I am just about as tired of the Windows photographers who tell me that they cannot use Linux because it doesn't run Adobe CS, as I am with to ones who tell me they cannot use DarkTable because it doesn't run on Windows. If you are so need to an OS because it is all you learned in school, or need to an app because it is all you learned in college, then your education system needs rehabilitation.
If you have Linux, use DarkTable. If you have Windows, use Lightroom. What's the problem? “But I NEED Lightroom!” “But I NEED Windows!” I hold that both those statements are false, and won't get into it now, but if you think you need Windows, or any of its apps, use it and it's apps. No one is forcing you to change.
The argument that the Linux desktop is not ready for prime time because this or that Windows app does not run on Linux is a not-starter. Linux has enough apps for whatever one wants to do, that the Windows as are not required.
I feel the need to point out that many apps are “cross-platform” apps, —such as the acclaimed, SolidWorks— and can run on several different platforms, but such a statement would not help those who are adamant about the ‘faults’ of the Linux desktop.
With the exception of some printers and scanners, I have never had a piece of hardware which did not work on Linux, within the last ten years. …Except for my Harmony remote, but some frustrated programmer fixed that. It was totally Logitech's fault. To be sure, the Harmony remote is NOT a piece of computer hardware which did not work; it was a piece of TV hardware which came with a Windows application to program it.
This is not a Linux hardware Compatibility issue. Linux saw it just fine. Linux, like Windows, just had no clue of what to do with the hardware it saw.
As for scanners, most scanners do not work with Windows due to TWAIN. They all NEED special drivers to work, and it is usually up to the manufactures to provide those drivers. A similar, issue happens with some printers on Linux/Windows, where very specific drivers are required, and they do not work out of the box on Windows, either.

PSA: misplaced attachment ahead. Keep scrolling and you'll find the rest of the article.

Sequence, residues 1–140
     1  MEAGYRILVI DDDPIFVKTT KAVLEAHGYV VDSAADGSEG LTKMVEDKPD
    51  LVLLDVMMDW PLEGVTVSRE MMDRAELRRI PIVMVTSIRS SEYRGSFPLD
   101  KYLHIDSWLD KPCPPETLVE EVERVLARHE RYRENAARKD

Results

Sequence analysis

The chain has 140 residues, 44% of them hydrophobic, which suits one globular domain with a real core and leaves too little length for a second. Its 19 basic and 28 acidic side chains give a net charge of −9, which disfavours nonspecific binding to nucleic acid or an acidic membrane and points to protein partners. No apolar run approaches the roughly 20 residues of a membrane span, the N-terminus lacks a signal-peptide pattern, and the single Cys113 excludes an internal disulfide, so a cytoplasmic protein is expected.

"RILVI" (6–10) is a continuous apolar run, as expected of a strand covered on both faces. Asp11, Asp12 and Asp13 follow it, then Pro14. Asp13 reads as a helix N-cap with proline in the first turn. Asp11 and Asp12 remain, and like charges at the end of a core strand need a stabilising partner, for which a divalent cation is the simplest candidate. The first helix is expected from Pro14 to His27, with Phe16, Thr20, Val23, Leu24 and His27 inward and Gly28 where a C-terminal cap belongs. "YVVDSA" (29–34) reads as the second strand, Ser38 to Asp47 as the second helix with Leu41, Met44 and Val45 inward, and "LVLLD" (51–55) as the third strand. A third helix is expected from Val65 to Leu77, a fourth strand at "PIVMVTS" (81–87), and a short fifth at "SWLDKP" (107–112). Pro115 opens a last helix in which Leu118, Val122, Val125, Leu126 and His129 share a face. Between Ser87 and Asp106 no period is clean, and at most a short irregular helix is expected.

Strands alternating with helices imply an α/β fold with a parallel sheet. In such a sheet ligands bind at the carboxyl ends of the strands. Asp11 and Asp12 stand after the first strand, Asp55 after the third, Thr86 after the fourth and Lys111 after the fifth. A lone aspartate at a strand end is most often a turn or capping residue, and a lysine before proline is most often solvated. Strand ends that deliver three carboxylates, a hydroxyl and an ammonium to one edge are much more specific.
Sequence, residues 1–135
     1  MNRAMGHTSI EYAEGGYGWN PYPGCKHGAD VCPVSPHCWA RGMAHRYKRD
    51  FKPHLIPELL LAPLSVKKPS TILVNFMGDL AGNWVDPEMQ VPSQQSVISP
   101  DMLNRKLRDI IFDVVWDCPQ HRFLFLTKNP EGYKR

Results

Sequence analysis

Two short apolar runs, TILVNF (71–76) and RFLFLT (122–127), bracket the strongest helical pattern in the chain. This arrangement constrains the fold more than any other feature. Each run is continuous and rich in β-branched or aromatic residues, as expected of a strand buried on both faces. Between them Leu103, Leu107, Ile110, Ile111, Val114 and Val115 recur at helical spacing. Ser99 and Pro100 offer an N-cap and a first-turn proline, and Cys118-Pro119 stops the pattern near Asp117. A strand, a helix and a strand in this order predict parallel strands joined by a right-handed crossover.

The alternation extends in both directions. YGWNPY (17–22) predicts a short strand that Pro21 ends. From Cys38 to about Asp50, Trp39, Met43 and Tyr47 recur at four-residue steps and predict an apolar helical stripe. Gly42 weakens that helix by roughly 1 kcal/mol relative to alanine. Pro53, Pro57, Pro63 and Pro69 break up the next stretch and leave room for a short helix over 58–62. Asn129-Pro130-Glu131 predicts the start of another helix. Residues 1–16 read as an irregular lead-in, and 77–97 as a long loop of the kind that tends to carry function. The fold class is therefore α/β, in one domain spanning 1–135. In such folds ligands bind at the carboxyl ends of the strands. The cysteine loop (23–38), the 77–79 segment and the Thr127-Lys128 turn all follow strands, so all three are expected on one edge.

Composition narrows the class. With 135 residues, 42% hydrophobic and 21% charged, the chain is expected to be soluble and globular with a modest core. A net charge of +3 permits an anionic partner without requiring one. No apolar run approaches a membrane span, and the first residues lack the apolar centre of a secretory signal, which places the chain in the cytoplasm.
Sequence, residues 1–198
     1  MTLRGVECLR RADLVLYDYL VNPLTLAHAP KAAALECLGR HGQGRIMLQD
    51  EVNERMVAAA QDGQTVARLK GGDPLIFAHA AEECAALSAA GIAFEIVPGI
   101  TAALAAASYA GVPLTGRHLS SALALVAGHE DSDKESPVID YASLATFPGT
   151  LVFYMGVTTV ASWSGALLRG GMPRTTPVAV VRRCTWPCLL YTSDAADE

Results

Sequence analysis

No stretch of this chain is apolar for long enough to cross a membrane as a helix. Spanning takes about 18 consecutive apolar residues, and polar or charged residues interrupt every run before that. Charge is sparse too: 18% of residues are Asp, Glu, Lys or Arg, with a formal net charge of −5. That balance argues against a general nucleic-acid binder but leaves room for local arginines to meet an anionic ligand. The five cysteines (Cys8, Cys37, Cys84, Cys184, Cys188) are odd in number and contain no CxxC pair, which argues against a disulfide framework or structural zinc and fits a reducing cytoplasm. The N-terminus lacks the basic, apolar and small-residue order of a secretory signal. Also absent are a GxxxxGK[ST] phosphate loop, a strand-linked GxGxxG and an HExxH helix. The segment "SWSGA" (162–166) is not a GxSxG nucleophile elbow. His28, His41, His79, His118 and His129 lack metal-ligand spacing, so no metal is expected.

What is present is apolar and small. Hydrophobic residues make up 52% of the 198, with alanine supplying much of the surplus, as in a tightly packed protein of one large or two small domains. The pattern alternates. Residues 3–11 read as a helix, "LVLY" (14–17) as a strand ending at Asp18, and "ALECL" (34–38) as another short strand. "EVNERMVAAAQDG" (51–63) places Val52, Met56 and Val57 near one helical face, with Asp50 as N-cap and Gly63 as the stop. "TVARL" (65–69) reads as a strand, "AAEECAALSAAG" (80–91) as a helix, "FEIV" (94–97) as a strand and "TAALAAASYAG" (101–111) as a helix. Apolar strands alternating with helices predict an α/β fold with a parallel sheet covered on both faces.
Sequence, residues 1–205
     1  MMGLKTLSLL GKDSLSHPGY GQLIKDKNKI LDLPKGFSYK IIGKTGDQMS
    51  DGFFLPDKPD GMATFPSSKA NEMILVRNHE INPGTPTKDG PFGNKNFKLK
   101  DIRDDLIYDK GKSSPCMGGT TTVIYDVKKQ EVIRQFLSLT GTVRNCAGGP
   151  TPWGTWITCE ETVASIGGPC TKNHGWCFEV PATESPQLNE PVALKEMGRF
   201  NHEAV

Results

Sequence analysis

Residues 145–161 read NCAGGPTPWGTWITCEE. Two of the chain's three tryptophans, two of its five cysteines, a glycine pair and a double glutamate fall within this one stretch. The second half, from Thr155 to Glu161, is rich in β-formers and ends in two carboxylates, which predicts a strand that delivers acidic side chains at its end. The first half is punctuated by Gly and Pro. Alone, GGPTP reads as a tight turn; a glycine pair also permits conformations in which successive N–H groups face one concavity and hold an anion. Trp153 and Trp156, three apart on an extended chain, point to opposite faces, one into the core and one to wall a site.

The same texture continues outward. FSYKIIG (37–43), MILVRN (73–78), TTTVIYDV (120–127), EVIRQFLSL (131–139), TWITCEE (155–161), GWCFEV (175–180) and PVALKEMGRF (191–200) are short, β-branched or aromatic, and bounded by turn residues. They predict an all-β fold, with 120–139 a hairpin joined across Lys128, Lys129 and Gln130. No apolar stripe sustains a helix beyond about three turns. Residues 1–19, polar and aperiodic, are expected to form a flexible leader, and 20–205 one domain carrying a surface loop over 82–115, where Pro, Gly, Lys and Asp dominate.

The scanners which work on Linux are either those whose manufacturers have provided drivers, just as they did for Windows, or those who work because the Linux community made them work, in site of the lazy manufacturers. But SANE outshines TWAIN, because it gives the same interface to all scanners, where the TWAIN interface varies from one maker to another.
There is no standard scanner protocol, but there are several standard printer protocols. If your printer uses any of them, it works on Linux. If it uses a non-standard, proprietary protocol, then it only works on Linux —or Windows, or Mac OS— if the manufacturer provided proprietary drivers, or if a frustrated programmer decides to do the simple task which the maker was too silly to do themself.
All other hardware just seems to work.
Some Other Nonsense
Not going there. It is nonsense. I have installed Linux on failed computers of several non-technical family members, and they all seemed to use it fine for all they do. The surf the web, they read email, they write reports, use spreadsheets, edit photos, and videos, make music,… all they desire.
Not one complaint, (except by a sister-in-law, who insisted that a web-based app she needed only worked on Internet Explorer on Windows, but it worked just fine on both Chrome and Chromium on Linux. We never checked Firefox).